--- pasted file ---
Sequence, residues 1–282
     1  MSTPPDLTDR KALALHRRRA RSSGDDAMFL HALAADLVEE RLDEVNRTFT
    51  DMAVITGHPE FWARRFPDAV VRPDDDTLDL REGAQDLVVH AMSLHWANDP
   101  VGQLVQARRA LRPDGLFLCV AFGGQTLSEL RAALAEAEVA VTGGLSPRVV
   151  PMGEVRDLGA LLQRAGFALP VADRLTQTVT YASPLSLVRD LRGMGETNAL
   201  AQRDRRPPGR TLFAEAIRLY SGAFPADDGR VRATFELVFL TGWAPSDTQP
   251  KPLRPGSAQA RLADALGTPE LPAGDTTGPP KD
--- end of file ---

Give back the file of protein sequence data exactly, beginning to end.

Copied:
Sequence, residues 1–282
     1  MSTPPDLTDR KALALHRRRA RSSGDDAMFL HALAADLVEE RLDEVNRTFT
    51  DMAVITGHPE FWARRFPDAV VRPDDDTLDL REGAQDLVVH AMSLHWANDP
   101  VGQLVQARRA LRPDGLFLCV AFGGQTLSEL RAALAEAEVA VTGGLSPRVV
   151  PMGEVRDLGA LLQRAGFALP VADRLTQTVT YASPLSLVRD LRGMGETNAL
   201  AQRDRRPPGR TLFAEAIRLY SGAFPADDGR VRATFELVFL TGWAPSDTQP
   251  KPLRPGSAQA RLADALGTPE LPAGDTTGPP KD